Is the Napa Valley “Into Wine?”

Into Wine: Terroir = soil + climate + humans

This article is actually about the book “Into Wine” by Olivier Magny and how it pertains to the Napa Valley. Olivier is an outspoken Parisian sommelier and wine educator. I found the book to be a fun read, with little wine jargon and a lot of practical advice for both the wine beginner and the wine aficionado. The big pitch in “Into Wine” is terroir. Olivier Magny suggests rather strongly that we seek out wines that exhibit the character of the place.

image of book into wineWith passion he talks about how terroir gives meaning and life to a bottle of wine. Its uniqueness is the result of the soil, climate, the vineyard grower and the winemaker. It is about the caring of the soil and the vines that imbue a special quality to the wine. It is about the winemaker who cares enough to let the soil and climate shine through in his or her winemaking and cellar techniques. Mostly, terroir wines are ones where sustainable farming is the creed. That means dry farming and no use of chemical pesticides or herbicides. This is a growing trend throughout the wine world, and I know that many Napa Valley wineries are in this category and others are making an effort to go in this direction.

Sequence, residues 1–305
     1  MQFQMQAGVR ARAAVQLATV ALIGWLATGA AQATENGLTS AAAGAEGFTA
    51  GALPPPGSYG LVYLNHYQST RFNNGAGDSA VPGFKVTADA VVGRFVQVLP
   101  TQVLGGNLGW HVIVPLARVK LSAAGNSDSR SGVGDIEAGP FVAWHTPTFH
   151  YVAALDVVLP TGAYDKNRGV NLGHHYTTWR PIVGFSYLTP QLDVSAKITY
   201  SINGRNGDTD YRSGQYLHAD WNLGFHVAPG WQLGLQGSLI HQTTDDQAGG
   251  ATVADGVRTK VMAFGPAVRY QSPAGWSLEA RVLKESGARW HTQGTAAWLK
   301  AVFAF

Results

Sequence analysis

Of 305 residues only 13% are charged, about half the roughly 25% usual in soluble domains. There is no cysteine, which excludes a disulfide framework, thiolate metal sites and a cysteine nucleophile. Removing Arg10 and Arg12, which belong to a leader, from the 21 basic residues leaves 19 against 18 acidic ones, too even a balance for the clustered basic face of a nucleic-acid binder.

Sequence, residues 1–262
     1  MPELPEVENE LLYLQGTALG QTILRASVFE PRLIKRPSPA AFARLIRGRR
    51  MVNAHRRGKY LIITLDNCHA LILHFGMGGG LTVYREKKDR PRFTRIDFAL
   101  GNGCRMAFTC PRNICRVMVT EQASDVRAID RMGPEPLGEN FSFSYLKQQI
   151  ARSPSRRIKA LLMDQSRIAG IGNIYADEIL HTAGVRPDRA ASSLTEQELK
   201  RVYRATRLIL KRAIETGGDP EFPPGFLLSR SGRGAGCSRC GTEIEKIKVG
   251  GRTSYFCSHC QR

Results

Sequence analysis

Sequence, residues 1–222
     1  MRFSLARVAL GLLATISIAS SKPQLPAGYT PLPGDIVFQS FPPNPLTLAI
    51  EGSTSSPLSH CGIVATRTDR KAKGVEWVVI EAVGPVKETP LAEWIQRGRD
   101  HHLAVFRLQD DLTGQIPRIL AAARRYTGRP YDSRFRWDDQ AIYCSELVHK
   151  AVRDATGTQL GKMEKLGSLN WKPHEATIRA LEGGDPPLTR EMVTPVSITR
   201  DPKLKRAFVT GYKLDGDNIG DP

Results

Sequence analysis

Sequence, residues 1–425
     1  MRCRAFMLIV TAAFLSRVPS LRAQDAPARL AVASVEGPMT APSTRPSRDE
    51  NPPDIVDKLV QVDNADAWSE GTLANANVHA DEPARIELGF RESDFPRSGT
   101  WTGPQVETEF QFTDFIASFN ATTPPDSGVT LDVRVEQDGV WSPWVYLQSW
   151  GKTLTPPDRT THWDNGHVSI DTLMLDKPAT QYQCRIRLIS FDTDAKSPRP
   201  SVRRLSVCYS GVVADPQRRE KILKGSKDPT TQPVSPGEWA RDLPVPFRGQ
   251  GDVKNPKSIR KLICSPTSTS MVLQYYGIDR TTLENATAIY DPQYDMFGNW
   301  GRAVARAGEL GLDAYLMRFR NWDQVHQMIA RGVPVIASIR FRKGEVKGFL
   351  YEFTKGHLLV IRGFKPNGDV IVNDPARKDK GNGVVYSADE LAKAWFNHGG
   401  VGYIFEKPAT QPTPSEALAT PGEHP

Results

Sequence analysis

image of oliver mangy

Olivier Magny

I have made a list of the Napa Valley wineries that practice some type of organic farming. The list continues to grow and ranges from wineries that do some organic farming to ones that are certified biodynamic. There is also the program established by the Napa Valley Vintners Association that grants “Napa Green Certified Land” and “Napa Green Certified Winery” to wineries that meet the qualifying standards. See Napa Green. There are some 400 wineries in the Napa Valley so you can see that there is a long road ahead.